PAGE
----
Other examples: SRM (cranks, pictured), Quarq (cranks), PowerTap C1 (chainrings), and Power2max (cranks).

Complimentary head unit: Garmin Edge 520 ($300).

Complementary analysis: Today’s Plan Premium with unlimited training plans ($150/year).

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Measuring Styles: Double-Sided Power

look keo power pedals
Look Cycle

Double-sided power systems consist of two independent power meters, with one for each leg. This allows the system to gather more information, and potentially offer more feedback to the rider. However, the information obtained from double-sided power meters isn’t always useful. “With regards to right-left pedal stroke analysis, I think the sport science community is still trying to figure out what to do with that data,” says Frank Overton of FasCat Coaching. 


  • They have all the advantages of a complete power meter, plus additional detail and information.
  • Left/right power information is helpful when recovering from a lower-body injury.


  • Two power meters means potentially double the risk of problems.
  • These systems equire more batteries and also weigh more.
  • The added information and features may not offer much benefit.
  • They cost more than most other styles of power meters.

Recommended: Pioneer PM-90 Power Meter. Pioneer mounts their system on Shimano Dura-Ace cranks, but they also work with SRAM and Campagnolo 11-speed drivetrains. Besides being the best cranks (with the best-shifting rings) on Earth in my opinion, they use a 24mm axle that can be adapted to almost any bottom bracket standard, and are offered in many lengths (165, 167.5, 170. 172.5, 175, 177.5, and 180mm). In pedaling monitor mode, which requires Pioneer’s head unit, the system provides a higher sampling rate than ANT+ and provides a level of detail not found elsewhere—this is why you would buy a dual-sided power meter over a complete power meter. The same system is offered on a Shimano Ultegra crank, which is heavier and not offered in as many lengths. The system works in single or dual mode with ANT+ head units as well, but does not provide as much information as when paired to Pioneer’s head unit.

Other examples: Garmin Vector 2 (pedals), Verve Infocrank (crank), PowerTap P1 (pedals), and Look Keo Power (pedals, pictured).

Complimentary head unit: Pioneer CA500 ($300).

Complementary analysis: A cycling coach! (price varies).

Power Meter Prices

PowerTap P1 Pedal power meter

Like DVD players (remember those?), power meters were astronomically expensive at first, but prices have dropped over time, especially during the past few years.

An important thing to consider: Power meters are a rapidly evolving category of training technology. As with smartphones, as soon as you buy a particular model, a new one will come out that’s lighter, cheaper, and more powerful—but if you want to ride with power, you have to jump on the train sometime. Just know it’s never going to stop.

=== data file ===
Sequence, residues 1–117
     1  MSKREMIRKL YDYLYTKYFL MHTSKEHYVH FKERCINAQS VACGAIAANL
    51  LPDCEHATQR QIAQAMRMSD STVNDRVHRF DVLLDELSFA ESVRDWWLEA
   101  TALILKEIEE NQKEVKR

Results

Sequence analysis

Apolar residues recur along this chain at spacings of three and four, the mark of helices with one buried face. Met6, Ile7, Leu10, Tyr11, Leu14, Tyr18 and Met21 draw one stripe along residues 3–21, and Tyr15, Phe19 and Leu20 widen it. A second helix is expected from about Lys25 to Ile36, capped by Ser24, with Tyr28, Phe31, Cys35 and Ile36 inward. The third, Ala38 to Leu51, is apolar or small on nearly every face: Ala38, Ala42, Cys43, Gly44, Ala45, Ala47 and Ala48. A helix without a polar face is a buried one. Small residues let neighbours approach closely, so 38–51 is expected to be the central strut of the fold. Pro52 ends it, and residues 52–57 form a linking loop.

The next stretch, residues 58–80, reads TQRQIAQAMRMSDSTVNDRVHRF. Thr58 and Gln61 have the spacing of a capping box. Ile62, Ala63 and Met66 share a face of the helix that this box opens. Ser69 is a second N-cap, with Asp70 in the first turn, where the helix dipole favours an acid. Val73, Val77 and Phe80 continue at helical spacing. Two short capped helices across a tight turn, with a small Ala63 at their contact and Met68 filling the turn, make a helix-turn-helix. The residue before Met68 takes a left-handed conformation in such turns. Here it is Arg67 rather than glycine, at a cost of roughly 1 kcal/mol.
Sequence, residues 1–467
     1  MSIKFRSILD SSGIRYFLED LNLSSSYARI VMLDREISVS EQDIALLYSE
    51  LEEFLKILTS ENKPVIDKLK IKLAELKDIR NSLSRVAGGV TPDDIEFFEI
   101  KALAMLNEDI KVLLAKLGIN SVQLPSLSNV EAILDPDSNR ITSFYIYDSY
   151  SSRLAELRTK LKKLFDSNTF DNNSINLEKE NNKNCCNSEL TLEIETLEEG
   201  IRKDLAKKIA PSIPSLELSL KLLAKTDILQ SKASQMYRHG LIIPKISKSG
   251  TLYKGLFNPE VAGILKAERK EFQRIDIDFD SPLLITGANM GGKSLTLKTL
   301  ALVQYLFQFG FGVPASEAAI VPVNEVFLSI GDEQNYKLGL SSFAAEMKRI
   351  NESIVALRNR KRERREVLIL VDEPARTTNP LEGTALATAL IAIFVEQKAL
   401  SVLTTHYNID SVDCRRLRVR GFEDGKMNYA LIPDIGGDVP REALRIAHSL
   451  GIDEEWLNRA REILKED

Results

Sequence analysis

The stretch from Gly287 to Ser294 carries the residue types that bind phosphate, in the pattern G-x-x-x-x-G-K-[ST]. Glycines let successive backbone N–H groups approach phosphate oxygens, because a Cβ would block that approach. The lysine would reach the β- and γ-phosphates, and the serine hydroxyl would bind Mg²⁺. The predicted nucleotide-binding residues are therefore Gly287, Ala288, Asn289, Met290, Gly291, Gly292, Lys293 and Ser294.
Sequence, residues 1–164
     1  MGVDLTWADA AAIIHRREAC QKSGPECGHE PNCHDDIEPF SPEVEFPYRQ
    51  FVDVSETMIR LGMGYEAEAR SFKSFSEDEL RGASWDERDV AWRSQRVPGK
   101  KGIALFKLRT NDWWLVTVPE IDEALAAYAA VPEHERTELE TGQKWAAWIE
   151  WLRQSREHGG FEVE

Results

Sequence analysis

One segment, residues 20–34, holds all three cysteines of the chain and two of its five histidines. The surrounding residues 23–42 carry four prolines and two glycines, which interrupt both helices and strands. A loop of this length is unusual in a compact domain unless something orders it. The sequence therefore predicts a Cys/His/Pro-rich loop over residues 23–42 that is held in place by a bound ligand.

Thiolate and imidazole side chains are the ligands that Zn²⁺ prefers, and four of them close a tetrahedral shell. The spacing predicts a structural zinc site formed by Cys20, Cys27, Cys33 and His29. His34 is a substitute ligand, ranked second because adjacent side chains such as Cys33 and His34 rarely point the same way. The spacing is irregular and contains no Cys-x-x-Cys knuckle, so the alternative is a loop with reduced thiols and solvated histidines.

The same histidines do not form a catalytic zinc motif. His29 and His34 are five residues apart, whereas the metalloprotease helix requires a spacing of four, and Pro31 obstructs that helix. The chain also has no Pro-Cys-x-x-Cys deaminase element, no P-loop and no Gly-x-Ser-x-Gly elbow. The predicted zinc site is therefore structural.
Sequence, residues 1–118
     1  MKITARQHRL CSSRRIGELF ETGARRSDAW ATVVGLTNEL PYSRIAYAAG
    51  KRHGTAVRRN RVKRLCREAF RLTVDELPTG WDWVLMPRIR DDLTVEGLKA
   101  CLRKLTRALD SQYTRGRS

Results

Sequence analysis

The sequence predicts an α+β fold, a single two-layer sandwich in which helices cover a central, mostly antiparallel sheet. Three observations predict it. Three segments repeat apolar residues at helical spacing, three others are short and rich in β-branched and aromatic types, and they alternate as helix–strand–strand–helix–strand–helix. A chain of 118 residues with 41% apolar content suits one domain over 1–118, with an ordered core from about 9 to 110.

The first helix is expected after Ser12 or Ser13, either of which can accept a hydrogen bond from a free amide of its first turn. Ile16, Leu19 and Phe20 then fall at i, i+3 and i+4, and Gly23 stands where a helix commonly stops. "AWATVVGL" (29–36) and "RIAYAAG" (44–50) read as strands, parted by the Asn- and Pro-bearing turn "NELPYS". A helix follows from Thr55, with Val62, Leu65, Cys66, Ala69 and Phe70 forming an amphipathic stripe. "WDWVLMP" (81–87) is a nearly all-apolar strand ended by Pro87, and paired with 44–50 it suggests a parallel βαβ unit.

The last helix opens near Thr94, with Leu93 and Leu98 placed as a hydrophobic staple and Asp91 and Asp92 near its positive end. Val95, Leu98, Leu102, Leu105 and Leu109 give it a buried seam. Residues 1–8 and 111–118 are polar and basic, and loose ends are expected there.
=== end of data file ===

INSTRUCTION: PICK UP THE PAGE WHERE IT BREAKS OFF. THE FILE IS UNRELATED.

Least expensive options: Single-sided power meter: Stages crank arm; complete power meter: Power2Max crankset; dual-sided power meter: PowerTap P1 pedals (pictured).

The table below lists the most common power meters and their prices at press time.

GarminVector 2$1,000Dual sidedpedal 
GarminVector 2s$700Single sidedpedalupgrade to dual side available
LookKeo Power$1,500Dual sidedpedalBluetooth only (ANT+ forthcoming)
LookKeo Power Essential$900Single sidedpedalBluetooth only (ANT+ forthcoming); can be upgraded to dual side
PioneerPM-seriesDura Ace $1,500; Ultegra $1,300Dual sidedcrank

Chainrings included

PioneerPM9100C$1000Dual sidedcrankinstallation kit for customer supplied Dura Ace or Ultegra Cranks
PioneerLT-SeriesDura Ace $899, Ultegra $799Single sidedcrankupgrade to dual side available
PioneerSGY-PMRTC$580Single sided crankinstallation kit for customer supplied Dura Ace or Ultegra left crank arms
Power2Max Starting at $610Complete powercrankstarting price does not include rings or bottom bracket
PowerTaphubshub only starts at $600; complete wheel sets start at $800Complete powerhubdisc brake & thru-axle options available
PowerTapC1 Chainrings$700Complete powercrank (chainring set)ANT+ & Bluetooth
PowerTapP1 Pedals$1,200Dual sidedpedalsANT+ & Bluetooth
QuarqRiken R$1,099Complete powercrankchainrings not included; BB30 $50 extra
QuarqElsa RS$1,399Complete powercrankfor Shimano 4-arm chainrings; chainrings not included; BB30 $50 extra
QuarqRiken AL$799Complete powercrankchainrings not included; BB30 $30 extra
Quarqfor Specialized S-Works Carbon crankset$999Complete powercrankspider only
Quarqfor Cannondale Hollowgram SI, SL & SISL2 cranksets$999Complete powercrankspider only
QuarqElsa R$1,299Complete powercrankchainrings not included; BB30 $50 extra
RotorINpowerleft arm only starting at $779; cranksets starting at $959Single sidedcrankcrankset price does not include BB or chainrings; complete power versionin development
SRAMXX1 w/Quarq$1,399Complete powercrankFor SRAM 4-arm, 1x chainrings; chainring not included
SRAMRed eTap$1,299Complete powercrankSimilar to Quarq Elsa R, but with hidden-bolt spider for SRAM chainrings; chainrings not included; BB30 $50 extra
SRM Spider-only, $1399; crank sets start at $1599Complete powercrankcrank set price includes chainrings
Stages Starting at $530Single sidedcrank

left arm only

VerveInfocrank$1,399Dual sidedcrankprice includes chainrings and bottom bracket; offered in 30 or 24mm spindle